62 % (16)
87 % (325)
92 % (184)
94 % (34)
Frequency of heavy insertions (relative to 100 % of occurrences of PERI in the period) (the Qualitative database)
genitive NP s
4 % (13)
1 % (2)
0.3 % (1)
0.3 % (1)
0.3 % (1)
other full NP s
4 % (1)
27 % (7)
total heavy insertions
31 % (8)
4 % (16)
1 % (2)
Furthermore, the same tendency can be observed in the figures from our qualitative database on PERI in Table 4 above.
While particles may still be inserted between the preposition and the dependent NP in the Roman period, heavier items cannot (ex negativo evidence). Insertions of possessor genitive NP s, which are the second most frequent insertion type after the particles during the Classical period, are no longer found in the Roman period, as the figures from Table 5 above show.
We thus observe that the degree of adjacency and constituency increases over time by disallowing heavy and reducing light (particles) insertions. Insertions of heavy units on the level of constituents such as possessor/genitive NP, a verb or even a clause become impossible from the Hellenistic period on. By the end of this process, we observe the degree of integration found in PP s of highly configurational languages such as modern European languages.
4.2 Morphological effects of the coalescence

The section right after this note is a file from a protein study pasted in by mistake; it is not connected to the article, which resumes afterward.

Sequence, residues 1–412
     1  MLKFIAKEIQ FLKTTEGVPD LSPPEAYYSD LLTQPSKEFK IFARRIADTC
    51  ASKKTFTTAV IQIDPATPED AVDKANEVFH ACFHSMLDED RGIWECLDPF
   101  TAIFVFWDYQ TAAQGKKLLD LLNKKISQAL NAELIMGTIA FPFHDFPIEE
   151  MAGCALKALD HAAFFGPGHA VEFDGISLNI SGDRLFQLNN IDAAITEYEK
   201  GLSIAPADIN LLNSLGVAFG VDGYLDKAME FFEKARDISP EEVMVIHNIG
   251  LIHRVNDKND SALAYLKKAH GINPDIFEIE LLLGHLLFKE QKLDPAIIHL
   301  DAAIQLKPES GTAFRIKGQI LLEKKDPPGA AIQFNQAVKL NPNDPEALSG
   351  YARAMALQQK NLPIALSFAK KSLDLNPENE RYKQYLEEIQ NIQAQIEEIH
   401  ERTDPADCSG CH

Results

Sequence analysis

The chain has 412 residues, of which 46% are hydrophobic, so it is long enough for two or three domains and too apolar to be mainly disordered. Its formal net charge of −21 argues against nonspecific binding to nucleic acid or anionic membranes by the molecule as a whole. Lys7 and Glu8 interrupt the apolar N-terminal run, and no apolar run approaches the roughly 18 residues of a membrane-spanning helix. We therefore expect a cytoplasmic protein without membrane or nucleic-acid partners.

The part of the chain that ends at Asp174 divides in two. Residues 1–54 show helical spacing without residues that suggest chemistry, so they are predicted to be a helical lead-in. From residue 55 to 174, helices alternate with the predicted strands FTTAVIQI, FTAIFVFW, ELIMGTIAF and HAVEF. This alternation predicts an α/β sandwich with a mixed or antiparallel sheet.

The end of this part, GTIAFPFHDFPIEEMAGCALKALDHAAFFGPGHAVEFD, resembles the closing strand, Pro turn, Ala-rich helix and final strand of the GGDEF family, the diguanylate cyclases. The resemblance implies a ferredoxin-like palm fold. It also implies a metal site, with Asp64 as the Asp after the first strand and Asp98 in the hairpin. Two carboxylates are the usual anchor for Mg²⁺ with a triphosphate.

The increase of internal dependencies is also observed in the dynamics of allomorphic variation.16 We observe a drastic loss of allomorphic variation towards conventionalizing only a few allomorphs from the Archaic into the Byzantine period, see Figure 1 above.17
Eventually only proclitic allomorphs survived while allomorphs employed in less integrated structures entirely disappeared. In what follows, we detail this.
The first type of allomorphy employed in less integrated structures consists in distinct placement of stress, cf. perí vs. péri ‘around, round about’.18 Almost all adpositions had two allomorphs distinguished by the placement of the stress: a stress-initial and a stress-final/unstressed form, cf. antí vs. ánti ‘across’ or protí/poí vs. prós (< *próti) ‘at, to’; exceptions are sýn ‘with’ (always stressed) and possibly amphí ‘around’ which do not attest a stress-initial allomorph in our Archaic period.